When I had the pleasure of joining the Bonfire team over three years ago, I was incredibly excited to help grow the company culture. Bonfire was already a special place, and I had been given the opportunity to help foster and inspire that company culture. At that time, we had seven employees, and since then, we’ve grown to almost 40.
As a leadership team, we’ve been challenged to maintain a thriving company culture while growing in size at a fairly rapid pace. A growing company means a constantly changing and evolving culture that you must try to keep pace with as a leader. I’ll share a few things that have and are currently working for us.
With growth comes change; it’s inevitable. Be open to it, embrace it. Change is constant. As a management team, we realized we had to embrace these changes and face them head on. As we started to grow, we realized we had to deliberately choose how to shape our culture, or we’d lose it. We evaluated what made our culture great to begin with, what had to change due to logistics, and what could be improved. For example, we started having monthly birthday celebrations rather than an individual celebration per employee. We invested in a new space because our former space was just too small to accommodate our growth. And we focused on things that were missing from our culture that needed to be added, like refining processes and creating more structure.
We certainly like to avoid red tape and unnecessary layering at all costs, but with a growing company, we wanted to implement clear processes across departments and a clear company structure. As a result, employees better understand their role in the company and how they best provide value. By establishing and implementing documented processes within and between department teams, everyone is more efficient and operates with rhythm. Ultimately, there is better communication and efficiency, bringing our clients more success.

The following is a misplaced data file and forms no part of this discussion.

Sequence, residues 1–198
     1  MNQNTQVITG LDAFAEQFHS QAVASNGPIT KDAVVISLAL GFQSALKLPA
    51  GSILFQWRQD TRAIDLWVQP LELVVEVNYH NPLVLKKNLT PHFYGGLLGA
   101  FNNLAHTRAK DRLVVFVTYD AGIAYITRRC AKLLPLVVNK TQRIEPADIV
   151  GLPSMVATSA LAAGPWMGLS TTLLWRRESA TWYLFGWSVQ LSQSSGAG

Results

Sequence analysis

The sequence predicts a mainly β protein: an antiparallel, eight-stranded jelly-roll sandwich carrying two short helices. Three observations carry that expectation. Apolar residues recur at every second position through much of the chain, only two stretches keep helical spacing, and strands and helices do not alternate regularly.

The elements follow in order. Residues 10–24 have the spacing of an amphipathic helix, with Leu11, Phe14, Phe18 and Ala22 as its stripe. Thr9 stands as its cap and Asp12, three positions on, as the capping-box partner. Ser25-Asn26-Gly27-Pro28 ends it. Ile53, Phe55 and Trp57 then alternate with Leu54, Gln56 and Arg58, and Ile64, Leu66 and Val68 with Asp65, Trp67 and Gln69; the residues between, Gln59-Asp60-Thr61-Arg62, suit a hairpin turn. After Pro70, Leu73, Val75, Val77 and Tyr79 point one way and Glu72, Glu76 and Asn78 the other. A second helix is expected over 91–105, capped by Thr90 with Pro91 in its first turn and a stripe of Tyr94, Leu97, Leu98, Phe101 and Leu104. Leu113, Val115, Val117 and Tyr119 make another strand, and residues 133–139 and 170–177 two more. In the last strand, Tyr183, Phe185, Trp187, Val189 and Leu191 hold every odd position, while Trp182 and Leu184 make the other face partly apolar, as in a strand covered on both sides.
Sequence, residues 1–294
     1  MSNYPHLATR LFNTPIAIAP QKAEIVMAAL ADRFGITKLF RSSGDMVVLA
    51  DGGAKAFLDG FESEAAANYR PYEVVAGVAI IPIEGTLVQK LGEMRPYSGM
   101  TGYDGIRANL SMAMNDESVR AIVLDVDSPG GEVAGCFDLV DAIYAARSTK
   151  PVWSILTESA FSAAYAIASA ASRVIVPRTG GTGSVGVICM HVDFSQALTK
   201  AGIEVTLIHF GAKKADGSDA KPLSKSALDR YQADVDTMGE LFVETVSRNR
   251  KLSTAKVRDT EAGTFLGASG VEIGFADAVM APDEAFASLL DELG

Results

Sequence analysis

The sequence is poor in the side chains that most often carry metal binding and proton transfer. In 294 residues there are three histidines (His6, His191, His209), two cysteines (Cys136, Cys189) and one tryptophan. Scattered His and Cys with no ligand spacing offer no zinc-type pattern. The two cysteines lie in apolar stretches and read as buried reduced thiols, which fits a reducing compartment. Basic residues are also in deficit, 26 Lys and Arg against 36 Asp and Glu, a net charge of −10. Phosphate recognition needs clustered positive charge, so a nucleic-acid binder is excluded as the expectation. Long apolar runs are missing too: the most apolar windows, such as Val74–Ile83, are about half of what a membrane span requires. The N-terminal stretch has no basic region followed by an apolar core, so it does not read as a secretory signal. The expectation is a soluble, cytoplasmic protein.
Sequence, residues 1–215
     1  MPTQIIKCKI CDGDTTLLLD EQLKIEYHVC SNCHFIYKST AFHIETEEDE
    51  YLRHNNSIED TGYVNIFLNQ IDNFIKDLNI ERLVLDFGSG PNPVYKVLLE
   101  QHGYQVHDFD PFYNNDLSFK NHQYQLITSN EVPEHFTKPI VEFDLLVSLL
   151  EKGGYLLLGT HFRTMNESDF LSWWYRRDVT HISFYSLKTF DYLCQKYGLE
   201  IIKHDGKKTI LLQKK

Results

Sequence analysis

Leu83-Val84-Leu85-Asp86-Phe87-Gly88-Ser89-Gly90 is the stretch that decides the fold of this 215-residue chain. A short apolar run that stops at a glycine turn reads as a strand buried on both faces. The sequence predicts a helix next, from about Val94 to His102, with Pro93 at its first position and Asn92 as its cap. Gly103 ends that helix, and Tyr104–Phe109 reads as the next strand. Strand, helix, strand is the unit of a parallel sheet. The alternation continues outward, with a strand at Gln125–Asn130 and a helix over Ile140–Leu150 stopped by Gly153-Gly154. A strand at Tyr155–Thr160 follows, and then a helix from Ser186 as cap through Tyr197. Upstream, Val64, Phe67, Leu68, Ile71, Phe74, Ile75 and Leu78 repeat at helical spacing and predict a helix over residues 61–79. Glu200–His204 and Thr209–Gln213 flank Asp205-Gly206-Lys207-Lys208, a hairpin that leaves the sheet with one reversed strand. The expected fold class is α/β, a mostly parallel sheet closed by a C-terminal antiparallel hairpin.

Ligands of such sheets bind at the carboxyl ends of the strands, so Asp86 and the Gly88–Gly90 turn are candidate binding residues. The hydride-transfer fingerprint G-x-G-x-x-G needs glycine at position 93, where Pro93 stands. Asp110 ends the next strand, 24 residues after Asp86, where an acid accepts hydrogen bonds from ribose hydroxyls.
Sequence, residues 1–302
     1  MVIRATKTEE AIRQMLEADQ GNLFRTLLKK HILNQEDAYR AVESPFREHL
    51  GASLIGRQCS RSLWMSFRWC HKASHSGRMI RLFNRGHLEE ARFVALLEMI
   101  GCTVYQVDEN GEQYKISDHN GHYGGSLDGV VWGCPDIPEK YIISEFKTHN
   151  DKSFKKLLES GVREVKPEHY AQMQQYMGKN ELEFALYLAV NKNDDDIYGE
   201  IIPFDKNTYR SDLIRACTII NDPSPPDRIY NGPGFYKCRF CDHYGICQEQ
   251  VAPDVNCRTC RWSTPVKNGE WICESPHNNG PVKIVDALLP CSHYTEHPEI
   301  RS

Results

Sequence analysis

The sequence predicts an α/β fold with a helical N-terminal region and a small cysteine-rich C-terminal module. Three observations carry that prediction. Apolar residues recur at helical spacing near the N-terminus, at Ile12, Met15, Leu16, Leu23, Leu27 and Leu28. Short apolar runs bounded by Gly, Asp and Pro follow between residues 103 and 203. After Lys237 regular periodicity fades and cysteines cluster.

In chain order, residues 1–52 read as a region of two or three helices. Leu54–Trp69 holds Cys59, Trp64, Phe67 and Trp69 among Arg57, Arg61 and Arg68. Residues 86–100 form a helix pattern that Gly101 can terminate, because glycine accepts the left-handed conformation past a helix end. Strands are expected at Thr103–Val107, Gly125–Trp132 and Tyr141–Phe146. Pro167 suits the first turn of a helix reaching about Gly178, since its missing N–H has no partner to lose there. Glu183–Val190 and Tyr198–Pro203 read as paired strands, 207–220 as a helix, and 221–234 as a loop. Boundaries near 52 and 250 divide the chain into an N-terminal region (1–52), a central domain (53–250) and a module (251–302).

Sure, the Ping-Pong table, fun outings, and the beer on tap are some of the wonderful perks we all enjoy, but is that really what it’s all about? When you come into our office, sometimes you’ll hear laughter, great conversation, and music playing. Other times, you can hear a pin drop because everyone is working away not saying a word. But, honestly, what we enjoy the most is when we have fun WITH our work. If you could be a fly on the wall at one of our client brainstorms or when our employees are collaborating on any number of projects, you’d see the fire in each employee’s eyes and the excitement in their voice. Don’t get me wrong; we love a good game of Ping-Pong, but what we love more is working on fun and exciting projects and working on them as a team where everyone plays a part. And what’s even better is the pride the team has when we see our collective work come to fruition, and we all know we did it together.
One thing our leadership team has always tried to focus on is not micromanaging our employees. We feel we hire professionals, and professionals don’t need to be micromanaged. We try to define clear goals and objectives and trust our employees to deliver. This has encouraged a sense of accountability among team members.